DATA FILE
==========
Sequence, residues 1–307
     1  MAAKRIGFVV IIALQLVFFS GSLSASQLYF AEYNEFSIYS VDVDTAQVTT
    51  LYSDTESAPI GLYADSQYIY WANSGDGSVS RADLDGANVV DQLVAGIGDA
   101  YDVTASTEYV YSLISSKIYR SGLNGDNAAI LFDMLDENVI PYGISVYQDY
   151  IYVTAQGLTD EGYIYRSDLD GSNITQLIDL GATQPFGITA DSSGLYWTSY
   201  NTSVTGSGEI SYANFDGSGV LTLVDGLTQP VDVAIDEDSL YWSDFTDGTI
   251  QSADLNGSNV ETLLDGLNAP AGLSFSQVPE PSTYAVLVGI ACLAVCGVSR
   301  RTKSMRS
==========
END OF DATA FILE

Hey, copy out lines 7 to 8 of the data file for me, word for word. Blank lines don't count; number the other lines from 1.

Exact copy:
   251  QSADLNGSNV ETLLDGLNAP AGLSFSQVPE PSTYAVLVGI ACLAVCGVSR
   301  RTKSMRS